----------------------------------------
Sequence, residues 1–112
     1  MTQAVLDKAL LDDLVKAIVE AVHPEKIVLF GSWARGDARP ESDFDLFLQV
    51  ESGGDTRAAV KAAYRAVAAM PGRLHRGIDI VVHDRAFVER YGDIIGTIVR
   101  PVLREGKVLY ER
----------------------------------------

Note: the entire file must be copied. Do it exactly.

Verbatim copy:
Sequence, residues 1–112
     1  MTQAVLDKAL LDDLVKAIVE AVHPEKIVLF GSWARGDARP ESDFDLFLQV
    51  ESGGDTRAAV KAAYRAVAAM PGRLHRGIDI VVHDRAFVER YGDIIGTIVR
   101  PVLREGKVLY ER